On 1st April, the War Diary for the 9th Battalion noted that it had been officially announced that no. 3/10133, Sergeant Arthur Saunders had been awarded the Victoria Cross for his gallantry at Loos.
When this news was received, the Battalion were in rest camp at Calais, but Saunders, wounded in the action that had earned him his Victoria Cross, was in England in a nursing home at Harrogate in Yorkshire.
Still recuperating, one of his nurses included Marie, Grand Duchess of Russia, who had come to Harrogate in 1914 to take the waters. When war prevented her from returning home, she threw herself whole heartidly into caring for wounded soldiers in a nearby hospital that she had created. When one wounded soldier asked who she was, she replied "I am the Grand Duchess of Russia" "Blimey" exclaimed the soldier "I must be amongst the nutts!"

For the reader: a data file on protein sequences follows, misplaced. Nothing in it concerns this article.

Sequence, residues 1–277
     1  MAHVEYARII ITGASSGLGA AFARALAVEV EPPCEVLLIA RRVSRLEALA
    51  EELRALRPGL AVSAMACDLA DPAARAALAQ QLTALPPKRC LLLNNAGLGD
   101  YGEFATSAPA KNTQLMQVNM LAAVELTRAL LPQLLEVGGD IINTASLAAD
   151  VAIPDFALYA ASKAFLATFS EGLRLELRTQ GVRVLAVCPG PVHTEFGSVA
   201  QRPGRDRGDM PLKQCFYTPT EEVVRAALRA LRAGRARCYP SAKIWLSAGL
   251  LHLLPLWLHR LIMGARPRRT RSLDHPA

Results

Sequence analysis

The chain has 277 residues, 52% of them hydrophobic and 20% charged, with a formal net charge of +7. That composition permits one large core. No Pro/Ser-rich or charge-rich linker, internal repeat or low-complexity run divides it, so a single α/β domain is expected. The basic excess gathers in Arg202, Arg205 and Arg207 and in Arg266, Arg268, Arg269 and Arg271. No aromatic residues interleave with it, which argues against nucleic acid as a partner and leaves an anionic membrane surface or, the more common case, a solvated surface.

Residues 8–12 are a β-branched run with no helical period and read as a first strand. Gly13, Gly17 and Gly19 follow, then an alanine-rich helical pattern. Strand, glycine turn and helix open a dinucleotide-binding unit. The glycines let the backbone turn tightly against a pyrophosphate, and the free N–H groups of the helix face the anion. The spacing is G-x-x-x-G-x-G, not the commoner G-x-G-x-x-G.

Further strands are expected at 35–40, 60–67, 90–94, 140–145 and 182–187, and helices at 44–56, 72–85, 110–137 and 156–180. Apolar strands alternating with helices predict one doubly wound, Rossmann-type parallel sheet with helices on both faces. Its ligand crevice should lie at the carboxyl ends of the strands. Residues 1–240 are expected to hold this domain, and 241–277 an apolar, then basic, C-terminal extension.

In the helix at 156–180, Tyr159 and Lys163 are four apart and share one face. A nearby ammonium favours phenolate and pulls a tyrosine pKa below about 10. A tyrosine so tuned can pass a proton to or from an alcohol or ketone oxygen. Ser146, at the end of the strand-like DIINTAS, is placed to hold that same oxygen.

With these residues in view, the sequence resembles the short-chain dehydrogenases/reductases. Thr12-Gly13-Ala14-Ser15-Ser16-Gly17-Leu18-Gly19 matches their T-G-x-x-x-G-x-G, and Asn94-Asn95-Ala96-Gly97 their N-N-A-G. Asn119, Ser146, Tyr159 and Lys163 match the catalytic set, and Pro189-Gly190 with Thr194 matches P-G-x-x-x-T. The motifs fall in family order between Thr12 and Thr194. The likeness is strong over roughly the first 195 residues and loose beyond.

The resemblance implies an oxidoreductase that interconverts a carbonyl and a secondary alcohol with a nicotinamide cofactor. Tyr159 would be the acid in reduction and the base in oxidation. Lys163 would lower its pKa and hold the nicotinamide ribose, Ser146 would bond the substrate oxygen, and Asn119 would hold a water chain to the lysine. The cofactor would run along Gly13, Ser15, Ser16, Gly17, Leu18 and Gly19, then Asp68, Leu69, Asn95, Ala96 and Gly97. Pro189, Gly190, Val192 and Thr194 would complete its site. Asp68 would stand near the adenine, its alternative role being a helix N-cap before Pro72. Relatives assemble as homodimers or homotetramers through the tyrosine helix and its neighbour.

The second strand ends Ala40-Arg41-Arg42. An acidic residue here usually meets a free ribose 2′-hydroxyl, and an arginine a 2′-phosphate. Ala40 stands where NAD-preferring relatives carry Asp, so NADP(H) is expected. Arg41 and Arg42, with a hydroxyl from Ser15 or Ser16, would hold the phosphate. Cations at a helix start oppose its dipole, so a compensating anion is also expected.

In the photograph above, Arthur, dressed in the hospital blue convalesants uniform, with khaki greatcoat, is pictured with the Duchess. His leg, still not properly healed from six months before, is stretched out before him.
That day too, the diary noted that Lieutenant Harvey Frost, who had recently left the Battalion to transfer to the Royal Flying Corps had been shot down. Frost like Saunders, would however, live to see out the war.
Frost's adversary in the aerial combat that ended his flying career, was the legendary German ace, Max Immelmann. When Immelmann learnt he had landed safely and without too serious an injury, he sent Frost a pipe, as a token of goodwill from a fellow 'knight' of the air. Chivalry in defeat still existed.
Welcome to our online 'blog' charting the history of the many Battalions of the Suffolk Regiment and the part they played in the Great War.
Starting back in March 2014, we have recorded the events of 100 years ago on the centenary of their happening.
Keep checking back to see how the Great War is progressing for the men of the Suffolk Regiment.